el_grel-GRel-GR00000408English Windows 7 Ultimate 64 bit, SP 1, with Greek UI language enabled

Implicit locale for mc files

Per TIP 404.

HaO 2012-10-15: This feature is now included in TCL8.6b3 (docs) and is backported to TCL8.5 to be included in TCL8.5.13.

It is now recommended to use:

msgcat::mcflset original translation

instead of

msgcat::mcset locale original translation

within message files which are loaded by msgcat::mcload.

Open Issue: Using msgcat with TclOO

Twylite 2013-03-01: msgcat searches for messages in the current namespace, then parent namespaces up to the global namespace. To look up a message in a different (non-parent) namespace you must use namespace eval or an equivalent.

TclOO class names are distinct from the unique namespace dynamically-allocated to the class on construction. The class name may or may not correspond to the name of a namespace. To support file-based message catalogs (*.msg) we would need to (i) have the messages in a namespace; and (ii) have a static pre-determined name for the namespace.

Twylite 2013-03-12: Working towards a TIP, as requested (see below). Following feedback from DKF I think that it is conceptually reasonable to search for messages in an object's inheritance hierarchy, and to avoid using namespace search at all when dealing with objects. To keep the interface clean there should be new msgcat::oo::* procs to indicate that we are working with a message in the inheritance hierarchy, rather than turning msgcat::mc into a DWIM.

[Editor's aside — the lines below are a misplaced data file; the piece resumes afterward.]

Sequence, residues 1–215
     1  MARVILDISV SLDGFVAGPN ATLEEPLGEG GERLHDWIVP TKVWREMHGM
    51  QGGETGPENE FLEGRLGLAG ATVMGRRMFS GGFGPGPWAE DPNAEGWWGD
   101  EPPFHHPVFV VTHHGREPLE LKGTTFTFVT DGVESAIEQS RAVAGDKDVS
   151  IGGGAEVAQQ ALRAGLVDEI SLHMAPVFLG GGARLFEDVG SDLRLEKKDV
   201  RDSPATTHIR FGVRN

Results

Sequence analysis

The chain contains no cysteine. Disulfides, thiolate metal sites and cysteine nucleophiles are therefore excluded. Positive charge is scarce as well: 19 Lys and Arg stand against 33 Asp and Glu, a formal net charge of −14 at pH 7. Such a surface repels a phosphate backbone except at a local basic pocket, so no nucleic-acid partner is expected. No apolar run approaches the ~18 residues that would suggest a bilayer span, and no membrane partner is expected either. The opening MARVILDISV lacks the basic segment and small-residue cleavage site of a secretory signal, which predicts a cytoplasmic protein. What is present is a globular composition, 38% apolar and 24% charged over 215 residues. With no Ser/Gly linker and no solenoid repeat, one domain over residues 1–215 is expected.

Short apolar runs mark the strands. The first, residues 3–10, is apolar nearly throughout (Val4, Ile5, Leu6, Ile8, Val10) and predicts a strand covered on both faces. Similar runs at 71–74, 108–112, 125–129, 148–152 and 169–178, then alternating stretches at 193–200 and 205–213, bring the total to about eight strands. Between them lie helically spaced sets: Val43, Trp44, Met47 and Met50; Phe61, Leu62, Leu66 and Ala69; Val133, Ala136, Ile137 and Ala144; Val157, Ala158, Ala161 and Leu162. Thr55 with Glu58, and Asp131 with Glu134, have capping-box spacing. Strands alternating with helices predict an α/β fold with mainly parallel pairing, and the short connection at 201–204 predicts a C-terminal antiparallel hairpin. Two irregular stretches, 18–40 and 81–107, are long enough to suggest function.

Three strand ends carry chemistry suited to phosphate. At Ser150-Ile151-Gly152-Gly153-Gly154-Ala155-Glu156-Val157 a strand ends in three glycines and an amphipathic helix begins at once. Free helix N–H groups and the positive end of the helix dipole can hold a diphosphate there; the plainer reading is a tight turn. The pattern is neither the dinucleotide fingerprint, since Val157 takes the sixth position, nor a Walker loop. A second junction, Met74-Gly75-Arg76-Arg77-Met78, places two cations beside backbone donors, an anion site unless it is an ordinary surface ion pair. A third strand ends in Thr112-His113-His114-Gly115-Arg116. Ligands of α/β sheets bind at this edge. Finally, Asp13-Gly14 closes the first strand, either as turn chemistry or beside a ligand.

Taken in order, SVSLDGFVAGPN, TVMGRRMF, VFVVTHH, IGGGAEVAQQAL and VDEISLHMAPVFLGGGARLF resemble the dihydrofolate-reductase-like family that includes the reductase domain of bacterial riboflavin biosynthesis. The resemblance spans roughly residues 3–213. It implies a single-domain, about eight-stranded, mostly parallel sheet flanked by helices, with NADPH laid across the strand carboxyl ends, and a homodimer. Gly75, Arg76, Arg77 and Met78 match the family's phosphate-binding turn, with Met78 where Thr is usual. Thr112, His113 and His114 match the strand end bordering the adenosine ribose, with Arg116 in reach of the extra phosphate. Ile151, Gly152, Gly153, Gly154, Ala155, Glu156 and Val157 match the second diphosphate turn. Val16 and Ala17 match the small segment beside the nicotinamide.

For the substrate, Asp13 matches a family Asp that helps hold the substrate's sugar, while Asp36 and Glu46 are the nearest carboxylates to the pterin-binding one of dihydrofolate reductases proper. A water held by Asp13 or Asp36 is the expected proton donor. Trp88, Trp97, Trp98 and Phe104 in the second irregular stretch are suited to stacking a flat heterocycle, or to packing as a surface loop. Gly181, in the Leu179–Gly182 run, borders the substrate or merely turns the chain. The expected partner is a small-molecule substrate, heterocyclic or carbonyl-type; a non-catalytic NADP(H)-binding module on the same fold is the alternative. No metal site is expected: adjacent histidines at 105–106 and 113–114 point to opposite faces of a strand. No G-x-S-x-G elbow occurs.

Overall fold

The solution below is a minimal embodiment of the interface, and does not yet support message inheritance. Use oo::define $cls mcset ... to define a message on a class, or msgcat::oo::mcset $cls ... to do the same in a .msg file. Use mymc ... in a method declared on a class to retrieve a message defined on that class. mymc should support inheritance and polymorphism in future, but for now you can use msgcat::oo::mc $otherclass ... to explicitly refer to a message in a superclass.